• 86. 7 OBLIGATIONS TOWARDS THE MARGINALISED Unit Structure: 7.0 Objectives 7.1 Introduction 7.2 Indian View 7.3 Western View 7.0 OBJECTIVES The chapter discusses on various views presented by different thinkers in the formulation of the goal of a “casteless and classless society.” It highlights on Mahatma Gandhi’s view on Sarvodaya and service to humanity as the crux to eradicate caste system. Similarly, Ramachandra Guha’s concept of Social Equality emphasizes on personal and social relationship. Lastly, we will be considering Peter Singer’s view on positive obligation towards the marginalised. 7.1 INTRODUCTION Being marginalised means being separated from the society. The marginalised individuals are forced to occupy the edges and not considered as a part of the society. Material Deprivation is the most common result of marginalization. The material resources such as food and shelter are unfairly dispersed in society. Along with material deprivation, marginalised people are also excluded from education, services, policy making, etc. 7.2 INDIAN VIEW: SARVODAYA - ITS RELEVANCE TO MODERN TIME ‘Sarvodaya’ means ‘universal uplift’ or ‘progress of all.’ The term was first formulated by Mahatma Gandhi. He used the term as an ideal and formed his own political philosophy. Gandhi’s philosophy rests on Truth, Non-violence and Satyagraha. His entire life is an expression of his philosophy.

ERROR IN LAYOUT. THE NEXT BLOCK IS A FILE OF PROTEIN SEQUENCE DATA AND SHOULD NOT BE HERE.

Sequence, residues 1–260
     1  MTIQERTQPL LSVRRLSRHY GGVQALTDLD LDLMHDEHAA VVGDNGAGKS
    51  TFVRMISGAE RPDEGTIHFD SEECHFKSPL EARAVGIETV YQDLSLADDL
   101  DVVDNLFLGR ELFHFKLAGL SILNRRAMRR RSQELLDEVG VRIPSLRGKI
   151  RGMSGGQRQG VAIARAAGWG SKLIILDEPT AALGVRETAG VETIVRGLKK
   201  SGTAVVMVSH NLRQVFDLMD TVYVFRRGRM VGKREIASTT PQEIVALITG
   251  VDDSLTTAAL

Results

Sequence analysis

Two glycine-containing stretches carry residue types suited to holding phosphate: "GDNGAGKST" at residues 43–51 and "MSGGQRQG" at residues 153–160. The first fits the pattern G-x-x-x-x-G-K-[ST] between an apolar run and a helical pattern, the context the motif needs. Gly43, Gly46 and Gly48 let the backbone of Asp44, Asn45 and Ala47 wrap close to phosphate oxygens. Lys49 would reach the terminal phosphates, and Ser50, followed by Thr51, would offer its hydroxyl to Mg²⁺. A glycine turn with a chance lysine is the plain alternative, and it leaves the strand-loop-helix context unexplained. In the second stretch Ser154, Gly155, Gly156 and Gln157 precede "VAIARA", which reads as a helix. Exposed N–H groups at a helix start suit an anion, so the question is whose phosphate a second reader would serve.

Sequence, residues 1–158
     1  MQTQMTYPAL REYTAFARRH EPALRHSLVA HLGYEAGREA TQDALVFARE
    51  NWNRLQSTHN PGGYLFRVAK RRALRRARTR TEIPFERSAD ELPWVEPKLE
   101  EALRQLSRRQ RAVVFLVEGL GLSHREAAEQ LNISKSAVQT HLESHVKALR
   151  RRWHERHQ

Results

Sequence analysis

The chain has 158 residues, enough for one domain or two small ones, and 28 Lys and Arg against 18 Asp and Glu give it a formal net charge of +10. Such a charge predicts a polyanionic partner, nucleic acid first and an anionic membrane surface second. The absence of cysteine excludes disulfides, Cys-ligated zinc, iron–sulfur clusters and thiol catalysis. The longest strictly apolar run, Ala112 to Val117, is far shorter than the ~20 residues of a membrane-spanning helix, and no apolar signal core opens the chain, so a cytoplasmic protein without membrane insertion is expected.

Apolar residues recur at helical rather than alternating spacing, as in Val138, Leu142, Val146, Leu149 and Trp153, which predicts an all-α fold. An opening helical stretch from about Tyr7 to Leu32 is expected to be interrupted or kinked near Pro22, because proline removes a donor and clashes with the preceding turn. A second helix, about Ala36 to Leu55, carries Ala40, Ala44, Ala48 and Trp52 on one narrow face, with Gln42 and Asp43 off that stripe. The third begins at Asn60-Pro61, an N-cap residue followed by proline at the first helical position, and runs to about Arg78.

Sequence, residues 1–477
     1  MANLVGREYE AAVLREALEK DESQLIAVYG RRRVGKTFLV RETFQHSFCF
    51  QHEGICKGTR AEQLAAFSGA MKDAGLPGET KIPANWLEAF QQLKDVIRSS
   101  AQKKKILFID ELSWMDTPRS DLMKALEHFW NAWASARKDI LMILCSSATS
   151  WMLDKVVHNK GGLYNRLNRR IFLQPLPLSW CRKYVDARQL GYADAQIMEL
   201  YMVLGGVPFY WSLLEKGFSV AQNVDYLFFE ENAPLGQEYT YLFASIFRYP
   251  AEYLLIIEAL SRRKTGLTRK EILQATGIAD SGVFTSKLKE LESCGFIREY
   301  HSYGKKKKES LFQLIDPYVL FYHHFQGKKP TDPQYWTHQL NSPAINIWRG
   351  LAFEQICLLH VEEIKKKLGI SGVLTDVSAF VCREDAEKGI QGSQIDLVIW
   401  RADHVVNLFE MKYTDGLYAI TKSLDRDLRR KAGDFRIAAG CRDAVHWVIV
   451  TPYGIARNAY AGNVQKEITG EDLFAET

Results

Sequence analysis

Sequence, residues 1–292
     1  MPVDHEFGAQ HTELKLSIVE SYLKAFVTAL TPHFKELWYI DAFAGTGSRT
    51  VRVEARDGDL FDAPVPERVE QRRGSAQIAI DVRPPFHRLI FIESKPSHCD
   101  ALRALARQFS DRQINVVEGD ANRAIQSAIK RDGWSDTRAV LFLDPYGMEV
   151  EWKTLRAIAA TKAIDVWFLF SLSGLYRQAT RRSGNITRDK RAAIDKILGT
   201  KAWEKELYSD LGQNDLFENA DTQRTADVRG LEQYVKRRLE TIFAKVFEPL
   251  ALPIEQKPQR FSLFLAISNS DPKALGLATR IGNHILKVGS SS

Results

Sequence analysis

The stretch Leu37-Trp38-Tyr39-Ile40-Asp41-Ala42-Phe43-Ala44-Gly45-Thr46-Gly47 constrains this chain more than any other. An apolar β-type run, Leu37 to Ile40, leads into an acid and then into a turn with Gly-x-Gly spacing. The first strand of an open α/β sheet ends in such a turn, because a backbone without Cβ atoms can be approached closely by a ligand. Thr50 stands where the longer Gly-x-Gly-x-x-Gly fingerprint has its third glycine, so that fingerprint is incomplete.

• 87. 87 Satyagraha is defined as ‘insistence on truth.’ It is an ethical weapon used by people who are inclined to lead a moral life. Satyagraha also implies self-purification. It is adopted by practicing non-violence and developed by maintaining an attitude of mind. The application of Ahimsa (non-violence) to social, economic and political issues is the main contribution of Gandhi. According to him, ‘violence breeds violence.’ This ultimately leads to the degeneration of society. Gandhi believed in both social and economic equality. Though the goal was India’s independence; he considered economic equality as the master key to attain non-violent independence. He worked for equitable distribution of wealth. Gandhi believed in trusteeship, for him everything belongs to God and thus we are not possessors of wealth but trustees. Sarvodaya which Gandhi visualised advocated the greatest good of all. He did not want to sacrifice the good of minority to hat of majority. Sarvodaya is not utilitarianism. Gandhi said,” I will strive for the greatest good of all. The greatest good of all inevitably includes the good of the greatest number.” Gandhi’s ideals have lasted well beyond achievement of his principle project, that is, Swaraj for India’s Independence. He was influenced by Ruskin and writes: “The good of the individual’s contained in the good of all means that a lawyer’s work has a small value as the barber has, much as all have the same right of earning their livelihood from their work.” Gandhi’s followers especially Vinobha Bhave continued the Sarvodaya movement with great efforts. This gave rise to Boodhan Movement. Thus Gandhi’s economics is based on the principles and objectives of socialism. He rejected all distinctions in the name of class, caste, religion, etc. He promoted socio-economic harmony. In other words, his economic ideals also aim to promote spiritual development and harmony in rejection of materialism. Thus the aspect of Sarvodaya rests on identification with the poor, self- purification, faith, distributing the material resources equally among all, service to mankind and practising ahimsa. 7.2.1 Ramchandra Guha’s Social Equity: Ramchandra Guha is a social and environmental historian, a biographer and a columnist in India. His concept of social equity refers to set of standards which apply to personal and social relationship with other individuals or groups. Social equity is nothing more than doing justice to our fellow beings and thereby establish peace and harmony. According to Guha, at the individual level one must follow Gandhi’s ‘voluntary simplicity’ for a complete living. He is very much concerned with the conservation of environment. He responded to industrialization and modern state power with three different ideals in order to ensure proper relationship between humanity and nature. Further he calls these ideals: “back to the